LAST NIGHT, THE United States experienced the deadliest mass shooting in modern American history. At least 58 people are dead and over 500 more wounded. No, that’s not a typo: More than 500 were injured in one, single incident.
As tens of thousands enjoyed a music festival on the streets of Las Vegas, 64-year-old Stephen Paddock, of Mesquite, Nevada, was perched 32 floors above them in his Mandalay Bay hotel room. Paddock had 19 rifles and hundreds of rounds of ammo — supplies that are plentiful in a nation that has more guns than people. A few minutes after 10 p.m., Paddock opened fire on the unsuspecting crowd. They were sitting ducks.
No expensive wall along the Mexican border would’ve prevented this. No Muslim ban stopping immigrants and refugees from a few randomly selected countries from reaching our shores would’ve slowed this down.
Paddock, like the majority of mass shooters in this country, was a white American. And that simple fact changes absolutely everything about the way this horrible moment gets discussed in the media and the national discourse: Whiteness, somehow, protects men from being labeled terrorists.
The privilege here is that the ultimate conclusion about shootings committed by people from commonly nonwhite groups often leads to determinations about the corrosive or destructive nature of the group itself. When an individual claiming to be a Muslim commits a horrible act, many on the right will tell us Islam itself is the problem. For centuries, when an act of violence has been committed by an African-American, racist tropes follow — and eventually, the criminalization and dehumanization of an entire ethnic group.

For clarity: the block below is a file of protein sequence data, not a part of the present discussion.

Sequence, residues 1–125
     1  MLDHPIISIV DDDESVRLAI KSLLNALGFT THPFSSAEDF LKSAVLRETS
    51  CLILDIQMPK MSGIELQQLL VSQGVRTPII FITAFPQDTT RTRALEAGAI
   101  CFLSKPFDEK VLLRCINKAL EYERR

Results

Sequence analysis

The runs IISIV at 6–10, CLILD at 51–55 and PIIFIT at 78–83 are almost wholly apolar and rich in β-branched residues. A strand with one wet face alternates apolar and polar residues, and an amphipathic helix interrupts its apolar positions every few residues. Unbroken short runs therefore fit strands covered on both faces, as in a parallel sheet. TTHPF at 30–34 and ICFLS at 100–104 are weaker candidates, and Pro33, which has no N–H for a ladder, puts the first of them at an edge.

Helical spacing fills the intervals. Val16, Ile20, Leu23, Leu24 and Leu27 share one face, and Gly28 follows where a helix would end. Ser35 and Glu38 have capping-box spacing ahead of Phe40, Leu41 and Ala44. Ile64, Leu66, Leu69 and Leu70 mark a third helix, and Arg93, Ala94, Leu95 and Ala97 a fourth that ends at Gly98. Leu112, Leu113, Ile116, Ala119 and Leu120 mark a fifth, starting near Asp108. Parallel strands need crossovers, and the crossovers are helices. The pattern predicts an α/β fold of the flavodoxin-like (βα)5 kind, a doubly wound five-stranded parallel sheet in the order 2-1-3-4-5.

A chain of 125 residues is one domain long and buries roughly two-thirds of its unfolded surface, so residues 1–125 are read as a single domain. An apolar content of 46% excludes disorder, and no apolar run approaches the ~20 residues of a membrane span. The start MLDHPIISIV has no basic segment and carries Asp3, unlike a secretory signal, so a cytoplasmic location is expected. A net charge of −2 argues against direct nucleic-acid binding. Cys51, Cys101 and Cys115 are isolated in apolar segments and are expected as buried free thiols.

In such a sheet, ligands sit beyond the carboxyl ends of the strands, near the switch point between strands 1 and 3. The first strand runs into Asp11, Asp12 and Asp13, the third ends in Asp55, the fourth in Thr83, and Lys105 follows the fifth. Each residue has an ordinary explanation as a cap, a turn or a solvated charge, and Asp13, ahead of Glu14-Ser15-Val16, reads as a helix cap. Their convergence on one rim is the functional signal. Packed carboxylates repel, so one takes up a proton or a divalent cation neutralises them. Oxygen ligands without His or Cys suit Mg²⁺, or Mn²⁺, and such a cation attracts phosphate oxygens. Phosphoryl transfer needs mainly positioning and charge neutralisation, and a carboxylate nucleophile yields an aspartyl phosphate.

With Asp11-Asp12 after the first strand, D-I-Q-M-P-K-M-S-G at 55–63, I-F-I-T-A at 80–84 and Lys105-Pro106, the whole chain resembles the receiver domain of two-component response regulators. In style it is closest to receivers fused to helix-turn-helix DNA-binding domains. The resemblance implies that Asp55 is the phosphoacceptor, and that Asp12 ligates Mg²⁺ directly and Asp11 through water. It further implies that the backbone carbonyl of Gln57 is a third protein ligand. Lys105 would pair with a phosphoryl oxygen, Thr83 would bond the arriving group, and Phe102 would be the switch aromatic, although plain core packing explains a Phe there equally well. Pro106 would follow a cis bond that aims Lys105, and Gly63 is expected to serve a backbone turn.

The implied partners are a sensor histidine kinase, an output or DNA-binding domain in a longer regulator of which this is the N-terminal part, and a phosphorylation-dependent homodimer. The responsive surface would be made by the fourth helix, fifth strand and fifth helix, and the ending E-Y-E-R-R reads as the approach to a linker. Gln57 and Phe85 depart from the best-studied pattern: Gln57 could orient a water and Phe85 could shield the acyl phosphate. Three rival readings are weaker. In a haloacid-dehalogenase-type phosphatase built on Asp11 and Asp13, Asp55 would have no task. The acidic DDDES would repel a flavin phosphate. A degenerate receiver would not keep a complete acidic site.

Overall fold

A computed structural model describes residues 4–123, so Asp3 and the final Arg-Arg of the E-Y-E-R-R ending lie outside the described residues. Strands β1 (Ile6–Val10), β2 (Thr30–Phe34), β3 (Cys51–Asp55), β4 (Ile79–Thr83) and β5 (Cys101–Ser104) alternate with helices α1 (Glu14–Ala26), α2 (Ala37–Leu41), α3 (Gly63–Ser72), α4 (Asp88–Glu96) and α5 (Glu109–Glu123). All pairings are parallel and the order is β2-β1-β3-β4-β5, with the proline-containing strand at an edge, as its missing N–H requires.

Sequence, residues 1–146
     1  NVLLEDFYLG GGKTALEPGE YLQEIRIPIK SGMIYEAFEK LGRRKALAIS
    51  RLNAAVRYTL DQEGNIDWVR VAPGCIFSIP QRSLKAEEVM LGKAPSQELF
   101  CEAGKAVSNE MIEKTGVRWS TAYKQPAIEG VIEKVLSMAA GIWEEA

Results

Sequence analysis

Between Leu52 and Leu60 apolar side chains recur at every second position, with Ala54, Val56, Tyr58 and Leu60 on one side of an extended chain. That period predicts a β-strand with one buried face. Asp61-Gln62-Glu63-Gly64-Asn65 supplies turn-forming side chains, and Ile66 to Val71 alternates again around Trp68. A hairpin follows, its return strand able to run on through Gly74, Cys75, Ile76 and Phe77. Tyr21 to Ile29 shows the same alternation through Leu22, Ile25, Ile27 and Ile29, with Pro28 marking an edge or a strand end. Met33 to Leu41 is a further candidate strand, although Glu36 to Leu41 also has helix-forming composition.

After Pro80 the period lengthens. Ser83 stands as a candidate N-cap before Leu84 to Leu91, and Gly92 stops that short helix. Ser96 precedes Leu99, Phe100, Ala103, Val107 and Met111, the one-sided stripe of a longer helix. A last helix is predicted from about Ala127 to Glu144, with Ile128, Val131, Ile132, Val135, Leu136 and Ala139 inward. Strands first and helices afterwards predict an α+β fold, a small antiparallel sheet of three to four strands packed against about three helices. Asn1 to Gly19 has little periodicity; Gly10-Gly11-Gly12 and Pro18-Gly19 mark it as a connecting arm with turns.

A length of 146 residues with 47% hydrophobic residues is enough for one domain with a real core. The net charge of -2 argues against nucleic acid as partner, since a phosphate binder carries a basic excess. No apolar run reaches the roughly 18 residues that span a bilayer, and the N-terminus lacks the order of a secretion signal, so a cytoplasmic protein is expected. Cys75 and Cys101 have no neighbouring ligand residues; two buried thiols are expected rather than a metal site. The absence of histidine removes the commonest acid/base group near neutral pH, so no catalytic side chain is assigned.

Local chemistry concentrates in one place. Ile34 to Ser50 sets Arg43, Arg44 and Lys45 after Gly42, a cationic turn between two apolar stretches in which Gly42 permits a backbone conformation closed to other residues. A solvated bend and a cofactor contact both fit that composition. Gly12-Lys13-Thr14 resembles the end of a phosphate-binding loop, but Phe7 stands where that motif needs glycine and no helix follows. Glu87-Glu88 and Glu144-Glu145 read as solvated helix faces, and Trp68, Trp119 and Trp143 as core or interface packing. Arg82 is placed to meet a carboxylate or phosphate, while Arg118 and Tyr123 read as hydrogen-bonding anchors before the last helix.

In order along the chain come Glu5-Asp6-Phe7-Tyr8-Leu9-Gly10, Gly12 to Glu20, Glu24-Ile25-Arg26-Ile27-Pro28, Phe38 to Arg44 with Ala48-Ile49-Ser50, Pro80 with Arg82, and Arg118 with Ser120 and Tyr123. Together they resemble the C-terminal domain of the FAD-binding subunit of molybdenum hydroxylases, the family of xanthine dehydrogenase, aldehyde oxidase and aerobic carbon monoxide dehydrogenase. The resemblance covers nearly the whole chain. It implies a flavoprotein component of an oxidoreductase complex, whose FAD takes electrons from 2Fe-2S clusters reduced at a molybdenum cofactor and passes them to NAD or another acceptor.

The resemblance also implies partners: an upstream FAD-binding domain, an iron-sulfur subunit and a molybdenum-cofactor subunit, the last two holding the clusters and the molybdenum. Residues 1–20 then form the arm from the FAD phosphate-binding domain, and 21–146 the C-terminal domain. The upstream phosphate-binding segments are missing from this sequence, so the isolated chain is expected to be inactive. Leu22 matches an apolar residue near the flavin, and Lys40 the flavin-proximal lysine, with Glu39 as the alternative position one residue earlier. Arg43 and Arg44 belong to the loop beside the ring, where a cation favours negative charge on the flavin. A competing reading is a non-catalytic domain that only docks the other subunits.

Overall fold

PRIVILEGE ALWAYS STANDS in contrast to how others are treated, and it’s true in this case, too: White men who resort to mass violence are consistently characterized primarily as isolated “lone wolves” — in no way connected to one another — while the most problematic aspects of being white in America are given a pass that nobody else receives.
Stephen Paddock’s whiteness has already afforded him many outrageous protections in the media.
While the blood was still congealing on the streets of Las Vegas, USA Today declared in a headline that Paddock was a “lone wolf.” And yet an investigation into his motivations and background had only just started. Police were only beginning to move to search his home and computers. His travel history had not yet been evaluated. No one had yet thoroughly scrutinized his family, friends, and social networks.
Stephen Paddock was declared a “lone wolf” before analysts even started their day, not because an exhaustive investigation produced such a conclusion, but because it is the only available conclusion for a white man in America who commits a mass shooting.
“Lone wolf” is how Americans designate many white suspects in mass shootings. James Holmes was called a “lone wolf” when he shot and killed 12 people at a movie theater in Aurora, Colorado. And Dylann Roof, the white supremacist who walked into a church in Charleston, South Carolina, and shot and killed the pastor and eight other parishioners, was quickly declared a “lone wolf.”
For people of color, and especially for Muslims, the treatment is often different. Muslims often get labeled as “terrorists” before all the facts have come out.
Read the Full Story by Shaun King at theintercept.com